Document Type



Doctor of Philosophy (PhD)


Public Administration

First Advisor's Name

Howard A. Frank

First Advisor's Committee Title

Committee Chair

Second Advisor's Name

Bruce Nissen

Second Advisor's Committee Title

Committee Member

Third Advisor's Name

Esteban G. Dalehite

Third Advisor's Committee Title

Committee Member

Fourth Advisor's Name

Ronald M. Berkman

Fourth Advisor's Committee Title

Committee Member


public administration, policy conflict, stakeholders, living wage, organizational culture, organizational politics, policy ambiguity, organizational capacity

Date of Defense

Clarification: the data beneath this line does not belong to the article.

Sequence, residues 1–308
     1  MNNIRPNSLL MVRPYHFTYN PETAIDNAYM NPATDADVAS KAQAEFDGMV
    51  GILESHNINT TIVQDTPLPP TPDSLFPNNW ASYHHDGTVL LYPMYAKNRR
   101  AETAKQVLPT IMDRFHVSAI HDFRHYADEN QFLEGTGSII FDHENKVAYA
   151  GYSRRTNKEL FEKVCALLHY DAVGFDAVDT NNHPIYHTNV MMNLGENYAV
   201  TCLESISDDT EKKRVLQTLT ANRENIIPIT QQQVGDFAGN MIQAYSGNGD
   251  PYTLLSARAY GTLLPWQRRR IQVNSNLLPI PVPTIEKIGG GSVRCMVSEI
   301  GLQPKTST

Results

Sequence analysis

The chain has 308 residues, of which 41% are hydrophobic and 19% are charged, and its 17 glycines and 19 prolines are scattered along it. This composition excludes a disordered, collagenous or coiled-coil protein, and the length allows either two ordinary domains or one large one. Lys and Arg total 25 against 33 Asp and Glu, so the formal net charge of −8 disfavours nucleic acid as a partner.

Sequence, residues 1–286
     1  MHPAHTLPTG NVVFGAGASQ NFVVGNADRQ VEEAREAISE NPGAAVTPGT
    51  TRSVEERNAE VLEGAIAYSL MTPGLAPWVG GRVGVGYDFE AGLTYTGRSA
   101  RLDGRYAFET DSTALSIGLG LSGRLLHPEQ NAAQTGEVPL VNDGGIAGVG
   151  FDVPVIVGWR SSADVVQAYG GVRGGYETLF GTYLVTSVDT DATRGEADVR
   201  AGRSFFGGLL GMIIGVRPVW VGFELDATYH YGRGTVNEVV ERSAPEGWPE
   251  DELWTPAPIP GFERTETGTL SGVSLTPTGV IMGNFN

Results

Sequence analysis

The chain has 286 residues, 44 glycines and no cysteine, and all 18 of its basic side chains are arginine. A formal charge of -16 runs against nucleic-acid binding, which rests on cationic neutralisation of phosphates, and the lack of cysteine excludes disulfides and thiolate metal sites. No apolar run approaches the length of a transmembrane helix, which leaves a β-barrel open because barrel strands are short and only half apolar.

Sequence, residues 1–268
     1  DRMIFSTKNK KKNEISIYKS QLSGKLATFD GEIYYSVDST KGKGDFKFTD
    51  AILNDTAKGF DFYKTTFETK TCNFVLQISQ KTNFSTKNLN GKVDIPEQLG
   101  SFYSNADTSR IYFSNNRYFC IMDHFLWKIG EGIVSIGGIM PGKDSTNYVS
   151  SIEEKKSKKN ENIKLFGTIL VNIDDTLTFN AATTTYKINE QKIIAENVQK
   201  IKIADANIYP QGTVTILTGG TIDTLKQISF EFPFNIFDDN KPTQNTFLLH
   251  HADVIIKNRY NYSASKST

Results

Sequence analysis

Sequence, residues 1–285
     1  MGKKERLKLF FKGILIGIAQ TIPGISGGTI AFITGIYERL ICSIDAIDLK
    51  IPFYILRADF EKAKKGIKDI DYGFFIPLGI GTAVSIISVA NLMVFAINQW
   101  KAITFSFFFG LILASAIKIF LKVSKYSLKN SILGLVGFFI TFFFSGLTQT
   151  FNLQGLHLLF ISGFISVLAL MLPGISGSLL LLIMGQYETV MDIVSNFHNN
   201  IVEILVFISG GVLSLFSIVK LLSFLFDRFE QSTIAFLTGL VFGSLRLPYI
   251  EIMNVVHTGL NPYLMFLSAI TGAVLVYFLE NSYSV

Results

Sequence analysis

Since 2000, the number of living wage ordinances has steadily increased throughout the country. While most of the current research has focused on the beneficial outcomes of living wages, little has been published on their administrative practices. To address this shortcoming, this study focused on the identification of key administrative and political factors involved impacting the implementation of living wage ordinances in Miami-Dade and Broward Counties. The study utilized a triangulation of interviews, surveys, and direct observation. The author conducted interviews of administrators and members of the living wage oversight boards in both counties and observed the monthly meetings held by each county’s oversight board from January 2006 to June 2007. These findings were buttressed with a national survey of senior staff in other living wage communities. The study utilized descriptive statistics, Chi Square, Cronbach’s Alpha, and Spearman’s Rank Correlation Coefficient (Spearman’s rho). Interviews indicated that administrators in Dade and Broward are seriously under-staffed and budgeted. Ambiguities in the enabling ordinances have lead to loopholes that undermine implementation and accountability for participating contractors. Survey results showed that policy ambiguity, organizational politics, and a lack of organizational capacity were significant negative factors in the implementation process while an organizational culture emphasizing consistent enforcement was a positive factor. Without the proper inputs, an organization hinders itself from meeting its outputs and outcomes. This study finds that Broward and Miami-Dade Counties do not provide the necessary administrative support to implement a living wage effectively – in stark contrast to the high hopes and strong political support behind their passage. For a living wage to succeed, it first needs an organizational culture committed to providing the necessary resources for implementation as well as transparent, consistent accountability mechanisms.





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